#NativeNerd: Never underestimate a Native Nerd - or anyone for that matter
My entire life it seems to me, I have have always been underestimated. In some ways this frustrates me, because I feel as though I have been capable of great things. But the truth of the matter is people often desire for you to fail.
When you fail, it makes people comfortable with the choices they have made that may not have been the most positive.
But our lives are not meant to cater to those who don’t wish us well. We need to press forward, we need to continue to work hard in the face of obstacles. We should always do our best, even if those around us may not wish us to do so.
I saw a video this week of two women boxers. There is one woman boxer who is about one and a half feet shorter than the other. From the start of the fight, I am anxious about what might happen, and what does happen in the video is something I didn’t expect.
As a courtesy, there is punching in this video if you do not wish to watch. I will discuss what happens, but if you are game, check it out.
Here it is.
So at the last few moments of the video, female boxer Ann Wolfe, who is 5'9’ fights the female boxing World Champion Vonda Ward who is 6’6”. I thought for sure Ward was going to win the match, but Wolfe takes her out with one punch.
This is synonymous with me living as a Native Nerd.
Here are some thoughts I have to share on my own life’s experiences.
My Peanut’s Science Book
When I was about 10-years-old, I had a Peanut’s science book that gave a lot of science information matched up with comics of Snoopy, Charlie Brown and more. In one particular comic, Lucy walks up to Linus and pushes down on his head. She never wants Linus to get taller than her, so she supposedly does this every day.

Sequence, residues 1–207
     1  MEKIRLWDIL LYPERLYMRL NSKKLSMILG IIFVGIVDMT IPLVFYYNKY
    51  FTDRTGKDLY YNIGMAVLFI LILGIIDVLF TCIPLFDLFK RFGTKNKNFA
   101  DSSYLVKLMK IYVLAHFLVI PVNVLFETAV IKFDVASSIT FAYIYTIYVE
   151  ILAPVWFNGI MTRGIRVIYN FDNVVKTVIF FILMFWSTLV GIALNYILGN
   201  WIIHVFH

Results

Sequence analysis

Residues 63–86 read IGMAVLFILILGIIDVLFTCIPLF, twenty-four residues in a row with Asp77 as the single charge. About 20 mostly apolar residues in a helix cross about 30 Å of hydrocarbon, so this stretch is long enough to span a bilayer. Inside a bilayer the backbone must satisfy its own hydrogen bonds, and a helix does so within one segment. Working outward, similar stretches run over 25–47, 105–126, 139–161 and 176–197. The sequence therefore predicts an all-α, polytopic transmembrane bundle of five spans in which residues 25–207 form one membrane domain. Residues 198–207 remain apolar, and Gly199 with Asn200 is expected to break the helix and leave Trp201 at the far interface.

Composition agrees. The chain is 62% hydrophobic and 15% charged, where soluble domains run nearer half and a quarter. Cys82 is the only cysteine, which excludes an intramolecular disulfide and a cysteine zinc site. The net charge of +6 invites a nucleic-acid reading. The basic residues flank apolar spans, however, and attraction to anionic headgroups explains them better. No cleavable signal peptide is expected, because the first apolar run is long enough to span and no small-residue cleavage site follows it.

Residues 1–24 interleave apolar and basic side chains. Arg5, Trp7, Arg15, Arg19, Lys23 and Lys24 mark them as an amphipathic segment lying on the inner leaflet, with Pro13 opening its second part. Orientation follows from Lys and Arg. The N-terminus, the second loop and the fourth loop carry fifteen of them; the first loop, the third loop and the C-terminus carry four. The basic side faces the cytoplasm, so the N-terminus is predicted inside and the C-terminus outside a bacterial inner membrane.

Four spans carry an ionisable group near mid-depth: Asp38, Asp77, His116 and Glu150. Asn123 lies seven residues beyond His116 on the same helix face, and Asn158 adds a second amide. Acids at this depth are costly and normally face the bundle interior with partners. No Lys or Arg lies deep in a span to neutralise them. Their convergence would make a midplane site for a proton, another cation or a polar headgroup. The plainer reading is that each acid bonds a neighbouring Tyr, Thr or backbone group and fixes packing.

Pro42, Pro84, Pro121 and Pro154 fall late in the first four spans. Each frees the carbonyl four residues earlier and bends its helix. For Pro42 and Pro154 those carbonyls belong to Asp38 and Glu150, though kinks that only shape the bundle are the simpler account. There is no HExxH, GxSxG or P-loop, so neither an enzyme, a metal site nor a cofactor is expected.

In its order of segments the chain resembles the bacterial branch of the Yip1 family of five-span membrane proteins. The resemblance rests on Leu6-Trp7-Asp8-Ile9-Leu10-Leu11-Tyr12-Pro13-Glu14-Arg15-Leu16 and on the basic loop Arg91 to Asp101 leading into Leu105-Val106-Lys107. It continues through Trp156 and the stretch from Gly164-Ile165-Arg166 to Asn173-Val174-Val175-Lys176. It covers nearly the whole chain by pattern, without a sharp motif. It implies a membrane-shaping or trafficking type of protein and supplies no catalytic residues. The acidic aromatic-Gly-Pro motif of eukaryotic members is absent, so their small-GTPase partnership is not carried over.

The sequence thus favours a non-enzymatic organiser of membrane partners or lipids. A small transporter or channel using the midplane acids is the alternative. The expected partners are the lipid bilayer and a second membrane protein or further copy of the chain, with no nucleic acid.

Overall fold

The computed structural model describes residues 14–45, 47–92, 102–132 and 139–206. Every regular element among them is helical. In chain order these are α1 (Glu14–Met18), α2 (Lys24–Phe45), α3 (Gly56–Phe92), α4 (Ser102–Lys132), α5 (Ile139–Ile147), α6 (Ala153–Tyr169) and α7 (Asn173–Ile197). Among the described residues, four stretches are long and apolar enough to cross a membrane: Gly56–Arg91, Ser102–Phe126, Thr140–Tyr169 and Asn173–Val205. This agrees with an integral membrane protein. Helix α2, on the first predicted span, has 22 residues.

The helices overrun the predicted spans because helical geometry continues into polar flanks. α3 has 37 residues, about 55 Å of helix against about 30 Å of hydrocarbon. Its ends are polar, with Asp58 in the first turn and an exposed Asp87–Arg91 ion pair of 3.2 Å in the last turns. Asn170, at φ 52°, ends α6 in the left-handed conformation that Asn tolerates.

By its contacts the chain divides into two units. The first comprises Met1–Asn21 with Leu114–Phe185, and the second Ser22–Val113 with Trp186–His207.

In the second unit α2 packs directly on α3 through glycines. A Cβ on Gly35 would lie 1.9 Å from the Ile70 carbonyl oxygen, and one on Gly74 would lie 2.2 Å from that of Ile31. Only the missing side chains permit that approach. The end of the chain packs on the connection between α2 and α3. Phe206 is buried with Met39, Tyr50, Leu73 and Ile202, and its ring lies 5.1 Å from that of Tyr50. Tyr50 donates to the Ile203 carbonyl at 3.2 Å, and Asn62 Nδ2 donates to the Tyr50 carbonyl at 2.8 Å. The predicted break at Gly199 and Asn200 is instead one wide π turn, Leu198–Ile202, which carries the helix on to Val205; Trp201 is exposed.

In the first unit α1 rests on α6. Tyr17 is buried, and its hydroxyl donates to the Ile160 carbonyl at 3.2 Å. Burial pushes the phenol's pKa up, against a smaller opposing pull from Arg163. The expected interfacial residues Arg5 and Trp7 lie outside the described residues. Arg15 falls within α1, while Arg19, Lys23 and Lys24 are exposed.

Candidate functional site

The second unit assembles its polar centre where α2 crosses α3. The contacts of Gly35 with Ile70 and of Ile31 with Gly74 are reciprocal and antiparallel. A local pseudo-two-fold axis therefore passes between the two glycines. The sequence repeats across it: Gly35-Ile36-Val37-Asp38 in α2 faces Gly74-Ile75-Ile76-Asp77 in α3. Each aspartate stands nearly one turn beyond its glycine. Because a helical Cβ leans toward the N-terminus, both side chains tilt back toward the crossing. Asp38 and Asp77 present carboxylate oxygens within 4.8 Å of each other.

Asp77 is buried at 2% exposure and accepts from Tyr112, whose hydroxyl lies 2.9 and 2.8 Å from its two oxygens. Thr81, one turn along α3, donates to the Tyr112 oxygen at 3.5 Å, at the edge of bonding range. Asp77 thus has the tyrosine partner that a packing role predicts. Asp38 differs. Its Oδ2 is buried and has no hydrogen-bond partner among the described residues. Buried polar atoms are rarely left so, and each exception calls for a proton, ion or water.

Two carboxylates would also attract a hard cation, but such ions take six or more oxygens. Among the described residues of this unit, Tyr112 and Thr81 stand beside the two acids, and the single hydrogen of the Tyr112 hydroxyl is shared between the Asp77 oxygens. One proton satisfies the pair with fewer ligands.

The science book told me that no matter how hard or often Lucy does this, it will never affect Linus’ ability to grow taller than her if this is where he is destined to grow.
My life has seemingly always been this way. In my quest to work hard, and eventually become a journalist for Indian Country Today and even the Associate Editor, many people have been naysayers along the way. I have had hurtful comments on social media, or people have told me I could never accomplish these things. Yet, I didn’t listen and still worked as hard as I could, even though no one seemed to be watching. Yet here I am.
And the truth of the matter is I do not plan to stop working hard anytime soon. I made my luck. It has turned out great, and I thank the Creator every day.
The Quest To Become An Army Lieutenant
I served in the U.S. Army for three years as an enlisted Combat Medic as well as a Medical Lab Technician at Letterman Army Medical Center at the height of the AIDS epidemic in San Francisco. I got out of the army and re-enlisted as a cadet in the National Guard to become a Lieutenant in Field Artillery.
At one point during my cadet officer training, I was targeted by the Drill Instructor TAC (Teach Advise Counsel) Officers and called out as a sloppy absent-minded cadet. This was their job, and it could have been anyone, but it was my turn. Right at the height of the targeting, there was a vote on cadets, and I was voted the worst cadet that week. Because I came up on their radar, they threatened to kick me out of the school.
They had me in their office, drilling me on everything they could to get me to crack. Then they looked at my overall test scores. I was one of the highest scoring cadets. In a moment of fear, I agreed to resign.